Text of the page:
The Reporter
Issue 491, 16 June 2003
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Twenty-first century love and friendship


Welfare and social policy in this country needs to adapt to take account of the increasing importance people place on their friendships, maintains professor of sociology and gender studies Sasha Roseneil, following prelimary findings from her research into twenty-first century relationships.

She has been interviewing people in Leeds, Barnsley and Hebden Bridge who are single or choose not to live with their partners, to look at how different relationships are valued and how that affects patterns of care.

"Some people had set up home with friends, but others saw living alone as a positive choice, whether they were in a committed relationship or not,” said Professor Roseneil. “But policy makers tend to assume the standard conjugal model is the norm, and fail to take into account how people are really living their lives."

She found various instances where this had caused problems, often in the most sensitive and difficult situations. "Medical professionals especially prioritise biological or marital ties. Friends aren’t afforded the same hospital visiting rights as family, or taken seriously as carers, even if in reality blood relationships have broken down."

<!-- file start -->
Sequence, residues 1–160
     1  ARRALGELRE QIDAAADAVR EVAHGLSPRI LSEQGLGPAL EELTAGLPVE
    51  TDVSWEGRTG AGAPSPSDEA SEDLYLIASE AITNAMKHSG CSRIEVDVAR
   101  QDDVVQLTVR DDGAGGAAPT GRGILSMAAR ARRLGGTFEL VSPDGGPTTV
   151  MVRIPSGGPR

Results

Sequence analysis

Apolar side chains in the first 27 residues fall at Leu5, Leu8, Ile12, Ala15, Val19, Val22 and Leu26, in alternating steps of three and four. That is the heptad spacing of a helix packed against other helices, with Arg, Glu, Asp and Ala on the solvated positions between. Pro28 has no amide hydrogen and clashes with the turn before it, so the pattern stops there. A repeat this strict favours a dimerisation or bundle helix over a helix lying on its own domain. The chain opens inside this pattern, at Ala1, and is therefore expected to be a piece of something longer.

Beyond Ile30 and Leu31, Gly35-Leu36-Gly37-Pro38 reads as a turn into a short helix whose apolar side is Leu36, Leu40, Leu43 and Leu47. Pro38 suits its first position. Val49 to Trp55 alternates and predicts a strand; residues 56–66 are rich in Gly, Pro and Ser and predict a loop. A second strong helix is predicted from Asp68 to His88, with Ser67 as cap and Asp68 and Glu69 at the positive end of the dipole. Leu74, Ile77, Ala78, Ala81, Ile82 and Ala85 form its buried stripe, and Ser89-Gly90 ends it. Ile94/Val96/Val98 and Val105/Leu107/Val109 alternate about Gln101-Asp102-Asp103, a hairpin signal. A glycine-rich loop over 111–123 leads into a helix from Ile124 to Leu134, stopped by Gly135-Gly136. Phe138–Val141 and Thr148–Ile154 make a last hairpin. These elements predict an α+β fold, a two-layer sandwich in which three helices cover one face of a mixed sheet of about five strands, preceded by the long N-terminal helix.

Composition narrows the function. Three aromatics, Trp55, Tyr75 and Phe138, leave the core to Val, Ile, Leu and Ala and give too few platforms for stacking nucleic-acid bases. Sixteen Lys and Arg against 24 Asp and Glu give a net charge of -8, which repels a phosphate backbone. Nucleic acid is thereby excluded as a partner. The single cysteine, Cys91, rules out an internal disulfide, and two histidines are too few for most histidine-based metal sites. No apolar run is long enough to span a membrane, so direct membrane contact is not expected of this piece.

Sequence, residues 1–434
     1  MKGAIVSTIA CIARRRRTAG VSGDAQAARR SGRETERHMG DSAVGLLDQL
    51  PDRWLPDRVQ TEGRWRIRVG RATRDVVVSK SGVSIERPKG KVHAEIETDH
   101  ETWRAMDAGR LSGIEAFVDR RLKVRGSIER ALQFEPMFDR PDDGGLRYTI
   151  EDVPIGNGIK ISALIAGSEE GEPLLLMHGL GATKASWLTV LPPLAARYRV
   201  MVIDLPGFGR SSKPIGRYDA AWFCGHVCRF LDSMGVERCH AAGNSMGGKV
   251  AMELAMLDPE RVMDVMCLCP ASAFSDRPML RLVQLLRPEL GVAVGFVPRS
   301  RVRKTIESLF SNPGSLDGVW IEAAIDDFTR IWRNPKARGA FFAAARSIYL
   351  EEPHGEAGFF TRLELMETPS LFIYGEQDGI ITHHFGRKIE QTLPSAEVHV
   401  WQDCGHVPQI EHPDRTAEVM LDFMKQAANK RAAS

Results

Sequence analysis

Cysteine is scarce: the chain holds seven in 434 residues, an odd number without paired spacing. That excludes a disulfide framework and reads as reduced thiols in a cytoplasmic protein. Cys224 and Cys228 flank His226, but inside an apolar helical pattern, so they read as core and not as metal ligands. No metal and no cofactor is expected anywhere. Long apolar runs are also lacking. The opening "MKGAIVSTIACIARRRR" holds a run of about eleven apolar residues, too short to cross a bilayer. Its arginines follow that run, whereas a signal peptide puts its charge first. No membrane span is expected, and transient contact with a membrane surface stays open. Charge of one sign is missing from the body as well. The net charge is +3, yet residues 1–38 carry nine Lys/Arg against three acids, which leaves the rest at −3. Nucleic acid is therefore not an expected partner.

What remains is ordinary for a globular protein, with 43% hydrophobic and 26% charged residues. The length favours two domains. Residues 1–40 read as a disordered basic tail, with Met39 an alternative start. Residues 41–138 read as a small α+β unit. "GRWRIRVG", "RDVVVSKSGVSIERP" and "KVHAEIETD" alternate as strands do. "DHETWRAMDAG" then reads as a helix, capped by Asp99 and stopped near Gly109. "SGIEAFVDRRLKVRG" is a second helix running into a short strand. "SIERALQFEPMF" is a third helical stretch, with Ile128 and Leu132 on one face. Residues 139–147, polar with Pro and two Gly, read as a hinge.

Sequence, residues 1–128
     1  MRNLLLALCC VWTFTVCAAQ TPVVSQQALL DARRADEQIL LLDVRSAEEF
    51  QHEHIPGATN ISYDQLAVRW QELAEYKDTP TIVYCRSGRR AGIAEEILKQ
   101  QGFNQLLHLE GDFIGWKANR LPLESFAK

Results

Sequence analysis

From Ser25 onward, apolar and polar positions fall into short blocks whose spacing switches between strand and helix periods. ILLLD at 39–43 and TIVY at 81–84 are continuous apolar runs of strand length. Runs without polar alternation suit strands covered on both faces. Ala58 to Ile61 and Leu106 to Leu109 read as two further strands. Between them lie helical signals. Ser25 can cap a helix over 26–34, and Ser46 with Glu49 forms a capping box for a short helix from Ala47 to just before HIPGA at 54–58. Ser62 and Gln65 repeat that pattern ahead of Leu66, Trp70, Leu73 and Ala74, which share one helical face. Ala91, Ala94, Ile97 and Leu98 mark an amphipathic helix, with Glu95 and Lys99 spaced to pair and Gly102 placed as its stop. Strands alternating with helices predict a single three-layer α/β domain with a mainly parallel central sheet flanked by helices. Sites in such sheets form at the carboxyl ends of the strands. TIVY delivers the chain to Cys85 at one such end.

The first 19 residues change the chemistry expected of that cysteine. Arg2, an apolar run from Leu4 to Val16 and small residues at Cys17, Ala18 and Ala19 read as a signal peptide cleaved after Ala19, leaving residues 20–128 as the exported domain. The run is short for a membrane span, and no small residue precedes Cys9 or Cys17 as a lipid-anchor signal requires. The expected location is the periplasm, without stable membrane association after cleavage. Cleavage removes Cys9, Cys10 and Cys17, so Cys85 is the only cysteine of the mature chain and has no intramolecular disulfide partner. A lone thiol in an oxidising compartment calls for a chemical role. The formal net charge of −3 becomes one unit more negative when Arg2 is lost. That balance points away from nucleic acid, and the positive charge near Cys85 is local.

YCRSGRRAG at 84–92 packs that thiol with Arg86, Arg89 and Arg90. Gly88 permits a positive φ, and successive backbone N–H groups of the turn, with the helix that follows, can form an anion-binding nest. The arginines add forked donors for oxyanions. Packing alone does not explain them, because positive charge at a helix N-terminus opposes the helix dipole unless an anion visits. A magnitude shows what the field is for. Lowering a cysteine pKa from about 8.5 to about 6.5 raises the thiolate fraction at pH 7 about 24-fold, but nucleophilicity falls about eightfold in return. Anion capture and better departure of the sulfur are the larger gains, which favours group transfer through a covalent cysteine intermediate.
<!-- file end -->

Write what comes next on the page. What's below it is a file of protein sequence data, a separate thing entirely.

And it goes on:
She also found one committed couple who chose to live separately, and so weren’t eligible for fertility treatment.

"People’s life trajectories are no longer contained within couples, families and communities," she explained. "People are creating new networks of love, care and intimacy, including friends and former partners, and sometimes biological kin. Society needs to respond to these changes, to ensure that care provision fits the contemporary world."

The project is part of CAVA, a large ESRC funded research programme looking at care, values and the future of welfare. The programme is reaching its final stage, where findings from this and other CAVA research projects will be used to feed back into social policy.


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